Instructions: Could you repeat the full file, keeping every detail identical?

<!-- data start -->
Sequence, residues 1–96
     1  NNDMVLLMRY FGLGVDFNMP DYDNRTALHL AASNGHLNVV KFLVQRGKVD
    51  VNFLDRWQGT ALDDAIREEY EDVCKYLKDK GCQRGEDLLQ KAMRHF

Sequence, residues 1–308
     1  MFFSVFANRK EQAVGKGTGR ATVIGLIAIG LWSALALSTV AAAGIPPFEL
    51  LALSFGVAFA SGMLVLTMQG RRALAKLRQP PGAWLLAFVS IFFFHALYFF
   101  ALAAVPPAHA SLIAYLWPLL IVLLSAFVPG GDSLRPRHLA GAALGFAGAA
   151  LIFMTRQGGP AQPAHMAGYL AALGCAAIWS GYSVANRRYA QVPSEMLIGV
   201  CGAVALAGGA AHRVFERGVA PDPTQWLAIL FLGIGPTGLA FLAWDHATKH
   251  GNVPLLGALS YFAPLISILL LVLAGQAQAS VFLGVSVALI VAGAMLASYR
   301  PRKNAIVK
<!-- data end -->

Sequence, residues 1–96
     1  NNDMVLLMRY FGLGVDFNMP DYDNRTALHL AASNGHLNVV KFLVQRGKVD
    51  VNFLDRWQGT ALDDAIREEY EDVCKYLKDK GCQRGEDLLQ KAMRHF

Sequence, residues 1–308
     1  MFFSVFANRK EQAVGKGTGR ATVIGLIAIG LWSALALSTV AAAGIPPFEL
    51  LALSFGVAFA SGMLVLTMQG RRALAKLRQP PGAWLLAFVS IFFFHALYFF
   101  ALAAVPPAHA SLIAYLWPLL IVLLSAFVPG GDSLRPRHLA GAALGFAGAA
   151  LIFMTRQGGP AQPAHMAGYL AALGCAAIWS GYSVANRRYA QVPSEMLIGV
   201  CGAVALAGGA AHRVFERGVA PDPTQWLAIL FLGIGPTGLA FLAWDHATKH
   251  GNVPLLGALS YFAPLISILL LVLAGQAQAS VFLGVSVALI VAGAMLASYR
   301  PRKNAIVK